Strict UK visa rules to affect Indian students
If the UK government's review of its visa norms was not enough to send Indian students looking at other destinations, the shutting down of institutes may bring the numbers further down...
|However, deserving candidates need not fear losing out on quality education in renowned institutes.|
If the UK government's review of its visa norms was not enough to send Indian students looking at other destinations, the shutting down of institutes may bring the numbers further down. Besides, the US is getting more serious about attracting international students.
Till 2010, student visa allocation for the UK declined by six per cent. In April, UK did away with the Tier I Post Study Work (PSW) visa. The UK Border Agency confirmed that changes in the student visa rules will result in fewer visa applications.
"The UK government is committedto minimising abuse of the student immigration system, while ensuring support for the brightest and best students to continue to study at UK’s highest quality education institutions. Closure of the PSW was triggered by an increase in abuse in the private education sector in the UK. It was found that there was increasing abuse in the private further education sector (by some, but not all colleges), so the reforms were targeted at those institutions where change was considered to be most necessary," said Sam Murray, regional communications manager, UK Border Agency, South Asia.
Since May 2010, the UK Border Agency has revoked the licenses of 97 Tier 4 UK education providers. A further 36 currently have their licenses suspended, said a UK Border Agency Spokesperson in India.
"The recent shut down of Training and Advanced Studies in Management and Communications (TASMAC)'s London campus last week is due to tighter visa restrictions implemented by the United Kingdom Border Agency (UKBA)," said Sameer Dua, joint managing director, TASMAC group.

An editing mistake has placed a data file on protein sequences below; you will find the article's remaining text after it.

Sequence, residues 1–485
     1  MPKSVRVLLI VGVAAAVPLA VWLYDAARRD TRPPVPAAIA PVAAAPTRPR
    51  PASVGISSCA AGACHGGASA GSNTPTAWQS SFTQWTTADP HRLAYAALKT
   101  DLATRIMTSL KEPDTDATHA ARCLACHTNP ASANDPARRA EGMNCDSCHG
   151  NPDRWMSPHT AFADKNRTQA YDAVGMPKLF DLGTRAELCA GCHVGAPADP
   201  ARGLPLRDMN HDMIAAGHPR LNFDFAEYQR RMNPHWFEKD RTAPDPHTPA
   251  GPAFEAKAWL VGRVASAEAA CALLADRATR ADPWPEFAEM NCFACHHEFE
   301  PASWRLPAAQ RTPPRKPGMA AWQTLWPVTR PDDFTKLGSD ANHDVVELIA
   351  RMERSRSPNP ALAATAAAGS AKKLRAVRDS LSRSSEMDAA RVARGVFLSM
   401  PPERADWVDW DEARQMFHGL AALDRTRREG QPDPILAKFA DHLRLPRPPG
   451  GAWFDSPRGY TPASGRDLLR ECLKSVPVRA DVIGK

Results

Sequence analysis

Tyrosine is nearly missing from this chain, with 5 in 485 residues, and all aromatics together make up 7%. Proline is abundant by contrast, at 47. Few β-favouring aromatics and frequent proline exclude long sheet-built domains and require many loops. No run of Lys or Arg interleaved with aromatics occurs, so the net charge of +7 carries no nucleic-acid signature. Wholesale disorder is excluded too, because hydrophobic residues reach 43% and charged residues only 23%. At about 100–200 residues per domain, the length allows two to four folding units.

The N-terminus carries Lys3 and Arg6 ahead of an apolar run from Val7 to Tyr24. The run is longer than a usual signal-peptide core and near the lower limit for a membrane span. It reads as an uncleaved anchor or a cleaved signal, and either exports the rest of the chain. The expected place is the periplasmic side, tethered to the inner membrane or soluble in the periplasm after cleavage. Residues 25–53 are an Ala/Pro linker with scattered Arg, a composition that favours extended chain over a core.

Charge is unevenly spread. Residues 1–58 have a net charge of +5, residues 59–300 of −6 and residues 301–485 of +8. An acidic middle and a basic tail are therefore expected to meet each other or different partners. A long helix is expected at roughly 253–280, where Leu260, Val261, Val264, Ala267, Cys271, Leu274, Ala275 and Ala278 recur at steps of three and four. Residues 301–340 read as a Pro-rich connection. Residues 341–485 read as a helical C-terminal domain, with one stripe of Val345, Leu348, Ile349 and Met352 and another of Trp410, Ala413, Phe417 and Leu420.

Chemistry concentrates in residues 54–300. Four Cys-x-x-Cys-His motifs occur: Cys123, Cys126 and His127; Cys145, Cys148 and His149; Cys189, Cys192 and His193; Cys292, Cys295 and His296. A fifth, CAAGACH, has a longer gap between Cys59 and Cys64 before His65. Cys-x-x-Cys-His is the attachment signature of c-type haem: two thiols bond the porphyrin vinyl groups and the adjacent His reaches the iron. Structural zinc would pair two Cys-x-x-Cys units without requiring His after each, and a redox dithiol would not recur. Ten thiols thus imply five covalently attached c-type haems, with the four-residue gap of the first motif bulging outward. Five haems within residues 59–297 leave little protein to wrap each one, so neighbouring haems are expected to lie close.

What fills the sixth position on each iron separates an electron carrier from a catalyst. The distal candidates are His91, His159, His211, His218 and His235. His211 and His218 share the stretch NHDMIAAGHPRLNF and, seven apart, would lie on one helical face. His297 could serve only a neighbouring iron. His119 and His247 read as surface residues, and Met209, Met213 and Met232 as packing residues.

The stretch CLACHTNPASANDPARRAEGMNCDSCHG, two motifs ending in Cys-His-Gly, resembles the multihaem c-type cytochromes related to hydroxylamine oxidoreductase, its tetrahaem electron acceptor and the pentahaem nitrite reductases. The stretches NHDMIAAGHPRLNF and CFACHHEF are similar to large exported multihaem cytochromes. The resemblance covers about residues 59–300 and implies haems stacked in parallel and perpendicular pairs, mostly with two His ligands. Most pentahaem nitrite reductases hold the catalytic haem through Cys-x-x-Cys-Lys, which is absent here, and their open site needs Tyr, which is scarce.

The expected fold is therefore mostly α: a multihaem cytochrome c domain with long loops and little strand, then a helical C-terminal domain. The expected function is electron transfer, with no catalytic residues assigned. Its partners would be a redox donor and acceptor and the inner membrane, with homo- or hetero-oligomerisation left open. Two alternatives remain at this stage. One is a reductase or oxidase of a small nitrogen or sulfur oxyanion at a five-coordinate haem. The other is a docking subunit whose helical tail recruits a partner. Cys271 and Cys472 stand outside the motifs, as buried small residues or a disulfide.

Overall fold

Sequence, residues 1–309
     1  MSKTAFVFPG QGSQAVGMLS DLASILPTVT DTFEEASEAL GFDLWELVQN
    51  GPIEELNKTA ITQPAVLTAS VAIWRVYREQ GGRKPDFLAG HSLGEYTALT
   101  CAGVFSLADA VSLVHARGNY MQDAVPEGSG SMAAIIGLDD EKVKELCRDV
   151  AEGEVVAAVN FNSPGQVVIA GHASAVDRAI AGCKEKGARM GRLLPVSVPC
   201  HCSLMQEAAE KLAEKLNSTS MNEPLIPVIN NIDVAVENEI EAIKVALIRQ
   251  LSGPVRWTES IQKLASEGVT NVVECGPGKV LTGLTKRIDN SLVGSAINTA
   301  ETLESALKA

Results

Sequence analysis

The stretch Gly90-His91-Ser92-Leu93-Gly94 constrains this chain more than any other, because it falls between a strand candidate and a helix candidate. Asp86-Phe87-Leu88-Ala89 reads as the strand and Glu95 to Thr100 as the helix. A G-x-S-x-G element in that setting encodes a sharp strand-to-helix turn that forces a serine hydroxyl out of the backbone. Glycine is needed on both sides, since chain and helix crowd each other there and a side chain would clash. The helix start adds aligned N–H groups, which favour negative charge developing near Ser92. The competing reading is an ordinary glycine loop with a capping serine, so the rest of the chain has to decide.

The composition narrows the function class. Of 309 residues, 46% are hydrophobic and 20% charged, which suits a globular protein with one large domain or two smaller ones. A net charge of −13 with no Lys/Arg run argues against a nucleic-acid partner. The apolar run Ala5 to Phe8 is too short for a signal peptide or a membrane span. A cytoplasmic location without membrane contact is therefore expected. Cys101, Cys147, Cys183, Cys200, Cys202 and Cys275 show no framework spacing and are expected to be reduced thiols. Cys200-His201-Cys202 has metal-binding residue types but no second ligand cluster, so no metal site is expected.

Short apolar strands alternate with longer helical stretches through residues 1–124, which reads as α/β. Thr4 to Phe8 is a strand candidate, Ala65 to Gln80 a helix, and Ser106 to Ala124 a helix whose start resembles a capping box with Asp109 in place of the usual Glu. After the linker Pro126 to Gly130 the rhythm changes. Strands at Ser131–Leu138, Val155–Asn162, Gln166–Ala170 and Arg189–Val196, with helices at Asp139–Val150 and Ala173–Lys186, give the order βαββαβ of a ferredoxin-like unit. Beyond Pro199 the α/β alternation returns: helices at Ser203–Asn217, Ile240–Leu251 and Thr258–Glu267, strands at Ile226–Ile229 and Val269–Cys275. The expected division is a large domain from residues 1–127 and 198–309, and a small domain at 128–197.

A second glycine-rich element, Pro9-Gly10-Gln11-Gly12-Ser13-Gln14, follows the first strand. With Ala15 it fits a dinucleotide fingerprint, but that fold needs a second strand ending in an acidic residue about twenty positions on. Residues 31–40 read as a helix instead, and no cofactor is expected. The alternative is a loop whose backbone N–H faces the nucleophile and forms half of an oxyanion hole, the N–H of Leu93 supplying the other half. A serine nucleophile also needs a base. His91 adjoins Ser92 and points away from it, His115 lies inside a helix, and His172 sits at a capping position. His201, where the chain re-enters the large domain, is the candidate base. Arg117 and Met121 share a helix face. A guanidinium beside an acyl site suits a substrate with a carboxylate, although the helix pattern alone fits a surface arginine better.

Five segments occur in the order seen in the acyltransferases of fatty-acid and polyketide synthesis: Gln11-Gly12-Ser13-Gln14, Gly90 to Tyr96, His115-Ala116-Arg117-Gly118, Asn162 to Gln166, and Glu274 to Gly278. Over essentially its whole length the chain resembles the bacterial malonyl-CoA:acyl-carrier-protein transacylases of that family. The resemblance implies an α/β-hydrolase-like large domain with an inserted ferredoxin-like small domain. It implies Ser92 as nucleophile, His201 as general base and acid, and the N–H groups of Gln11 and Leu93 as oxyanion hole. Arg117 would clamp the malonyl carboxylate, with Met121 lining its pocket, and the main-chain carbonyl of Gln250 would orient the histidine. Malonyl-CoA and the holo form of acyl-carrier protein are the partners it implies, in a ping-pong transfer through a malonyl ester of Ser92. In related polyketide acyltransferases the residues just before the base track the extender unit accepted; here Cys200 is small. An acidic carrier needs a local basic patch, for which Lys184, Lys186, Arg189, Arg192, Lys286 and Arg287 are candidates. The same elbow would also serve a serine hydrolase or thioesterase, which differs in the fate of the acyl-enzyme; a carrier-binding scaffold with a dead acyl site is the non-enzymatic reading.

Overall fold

On March 22, 2011, the UK Home Secretary, Theresa May, announced sweeping changes to Tier 4 student route for migration. She said from April 2012 all institutions wanting to sponsor foreign students would have to be classfied as a Highly Trusted Sponsor by the UK Border Agency and would need to be inspected by an approved educational oversight body.
The UK government wants the brightest and best international students to come to the UK to study in its high quality education institutions. These changes to accreditation and inspection requirements protect legitimate students and ensure that only those education providers with a proven track record in immigration compliance will be licensed to bring international students to the UK.
"In the event that a student is already in the UK and his or her sponsor surrenders its license or has its licence withdrawn, the student will usually have 60 days to find an alternative education provider in the UK. If the student has less than six months left his or her leave will not be reduced," the spokesperson added.
UK Border Agency in an email said it was important for international students to receive the standard of education that they deserve and have paid for. This is why the UK government, in its first stage of reforms to the student visa system, has increased accreditation requirements for sponsors and extended robust inspection arrangements to private sector providers.
"The tightening of visa requirements by Australia and the UK is making them less attractive destinations for students as they see lower prospects for future jobs and immigration. Also, budget cuts in the US public institutions are prompting them to recruit international students more actively as an additional source of revenue," said Rahul Choudaha, director of development and innovation at World Education Services in New York.
International student enrollment in higher education in Australia and the UK grew by 81 per cent and 47 per cent respectively between 2002 and 2009, as compared to 18 per cent in the US. In absolute terms, Australia, the UK and US each added nearly 100,000 students over the same period.
"This translates into comparatively slow growth for the US, given that the size of the American higher education system is 17 times that of Australia and eight times that of the UK," explains Choudaha.
According to Choudaha, some of the early reports for autumn 2011 show a significant increase in international student enrollment at US universities. For example, at the University of Iowa first-time freshmen international student enrolment reached record levels of 484 this year, compared to 388 last year. Likewise, at Arkansas State University international student enrollment for autumn 2011 passed 1,000 students for the first time. Last year 780 international students enrolled.
According to the Organization for Economic Cooperation and Development (OECD) number of internationally mobile students grew by 1.6 million between 2000 and 2009. Choudaha says this trend will continue to be driven by the increasing ability of prospective students in countries like China and India to afford foreign higher education.
Source: [ www.2classnotes.com ]
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